How To Stop Procrastinating1st Sep 2020
Do you heave a big sigh when you think about that 'thing' you need to do, then turn away and do something else instead? We all do this at times. We may not be ready for it, or we fear we can't handle it, we dread it, it's boring , it's overwhelming, or many other reasons. Usually it's not something pleasurable, or we'd be jumping right in there dealing with it.
Doing something else instead may make us feel better temporarily, but unfortunately the 'thing' is still there and can grow larger in our minds until we begin to feel anxious about it. Anxiety leads to stress. So what we're doing by procrastinating is dishing a whole load of stress on ourselves. And we've certainly all had enough stress this year.
There are ways that can help you overcome procrastination and turn it into motivation. Imagine actually attending to that 'thing' and finishing it, so that you don't have to think about it anymore? You could feel achievement, relief, space, freedom!
It may help you to identify what sort of procrastinator you are. Just for fun, see if you are one of these. Don't be proud of your title. Own it for a few moments, then see if you can change.
Perfectionist Procrastinator: Whatever I do won't be good enough for me
Plenty-of-Time Procrastinator: I have all the time in the world to get round to it
Novelty Procrastinator: I've been there, done it, nothing new, big yawn
Over-Booked Procrastinator: I'm too busy to fit it in
Self-Sabotage Procrastinator: I'm just too slow to get it done
Fun Procrastinator: It's not enjoyable enough
Do please add to the list...........................................
I had a boss once who always gave a rush job to the person who had the most work going on. He said that busy people will always fit it in, while less busy people tend to procrastinate.
Here's how to stop procrastinating:
- First of all, don't beat yourself up about procrastinating. You'll be creating stress for yourself and it will be harder to get going. Just be determined not to procrastinate any longer.
- Make a list list of everything you need or want to do. It's amazing how seeing your tasks in a list can clear your mind and help you to feel more organised.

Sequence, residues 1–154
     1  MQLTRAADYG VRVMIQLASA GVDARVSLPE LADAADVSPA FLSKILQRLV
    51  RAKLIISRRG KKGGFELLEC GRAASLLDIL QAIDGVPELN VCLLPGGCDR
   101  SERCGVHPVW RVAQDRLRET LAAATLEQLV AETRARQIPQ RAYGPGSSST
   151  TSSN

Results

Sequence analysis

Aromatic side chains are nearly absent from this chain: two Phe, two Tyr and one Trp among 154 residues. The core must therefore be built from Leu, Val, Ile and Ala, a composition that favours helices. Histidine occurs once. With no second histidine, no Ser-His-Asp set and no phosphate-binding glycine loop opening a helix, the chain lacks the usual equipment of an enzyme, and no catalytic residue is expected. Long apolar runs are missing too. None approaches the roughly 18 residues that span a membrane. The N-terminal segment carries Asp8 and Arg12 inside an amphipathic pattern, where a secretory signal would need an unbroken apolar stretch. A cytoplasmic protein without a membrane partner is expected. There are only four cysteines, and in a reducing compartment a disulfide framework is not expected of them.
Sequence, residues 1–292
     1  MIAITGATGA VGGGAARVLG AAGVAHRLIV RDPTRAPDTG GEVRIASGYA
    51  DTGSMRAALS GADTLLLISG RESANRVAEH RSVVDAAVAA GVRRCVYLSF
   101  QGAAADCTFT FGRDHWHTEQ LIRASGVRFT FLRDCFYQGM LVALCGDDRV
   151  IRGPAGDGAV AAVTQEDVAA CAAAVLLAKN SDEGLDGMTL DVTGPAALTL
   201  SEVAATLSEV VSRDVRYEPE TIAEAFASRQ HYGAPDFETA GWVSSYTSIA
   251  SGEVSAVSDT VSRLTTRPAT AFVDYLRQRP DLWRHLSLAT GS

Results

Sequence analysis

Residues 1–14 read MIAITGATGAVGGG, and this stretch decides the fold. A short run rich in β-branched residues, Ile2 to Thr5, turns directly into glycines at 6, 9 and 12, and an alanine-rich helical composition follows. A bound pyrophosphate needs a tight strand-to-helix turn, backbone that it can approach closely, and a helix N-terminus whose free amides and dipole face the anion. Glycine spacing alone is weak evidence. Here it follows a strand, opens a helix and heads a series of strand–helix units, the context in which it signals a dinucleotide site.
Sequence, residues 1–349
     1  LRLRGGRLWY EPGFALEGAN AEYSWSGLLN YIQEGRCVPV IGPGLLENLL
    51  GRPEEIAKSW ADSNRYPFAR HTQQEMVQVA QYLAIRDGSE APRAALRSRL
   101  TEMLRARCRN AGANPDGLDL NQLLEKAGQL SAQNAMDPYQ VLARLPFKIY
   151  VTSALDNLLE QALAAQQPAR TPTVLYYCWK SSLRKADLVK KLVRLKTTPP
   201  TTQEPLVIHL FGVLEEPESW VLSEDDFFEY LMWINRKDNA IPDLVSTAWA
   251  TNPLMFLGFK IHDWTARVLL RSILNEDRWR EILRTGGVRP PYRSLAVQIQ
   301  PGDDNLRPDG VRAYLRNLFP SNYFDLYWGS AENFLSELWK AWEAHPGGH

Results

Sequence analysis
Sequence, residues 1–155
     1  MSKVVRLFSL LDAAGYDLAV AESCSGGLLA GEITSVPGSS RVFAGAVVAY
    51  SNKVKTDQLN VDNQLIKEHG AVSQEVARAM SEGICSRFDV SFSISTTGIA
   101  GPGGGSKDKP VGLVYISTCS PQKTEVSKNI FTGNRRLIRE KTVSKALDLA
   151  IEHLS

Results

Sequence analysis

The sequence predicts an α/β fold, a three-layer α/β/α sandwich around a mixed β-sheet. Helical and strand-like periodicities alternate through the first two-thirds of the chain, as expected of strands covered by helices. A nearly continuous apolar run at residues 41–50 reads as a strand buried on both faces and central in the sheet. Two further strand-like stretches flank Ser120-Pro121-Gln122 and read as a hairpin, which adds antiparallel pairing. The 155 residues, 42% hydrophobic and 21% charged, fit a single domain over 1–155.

- If possible, take each job and break it down into smaller chunks. Small, achievable goals will motivate you. Thinking about the whole lot at once can be overwhelming.
- Create a time-frame or a deadline to complete one small chunk. Make it achievable, not impossible. For instance, when clutter clearing, allocate 15-30 minutes to clearing one small corner or drawer at a time, not tackling the whole room at once.
- Get rid of distractions so that you can focus on the task. Strictly no multi-tasking here. If necessary, make another list of things to revert to when your 15-30 minutes' of motivation are ended. Don't keep that list in sight. Move it to another room.
- Mute your phone and put it in another room. It's only for 15-30 minutes.
- Talk to yourself. Say 'I know I can do this job if I put my mind to it, so let's get going. I'm going to feel great when it's done'.
- Then, simply make a start. You'll feel so much better.
A couple of tips:
- Hang out with people who will help to motivate you, not people who climb into your procrastination hole with you, or suggest unreasonable deadlines. Ultimately it's all down to you, but a little inspiration from a positive-thinking friend will help you along.
- Don't forget to reward yourself after each session. Perhaps a glass of wine, or feet up with a cup of tea and a good book, or if you have to return to your other work, your reward may well be more energy and clearer thinking.
Go for it! Let me know how you get on.
Copyright © 2020 Brenda Martin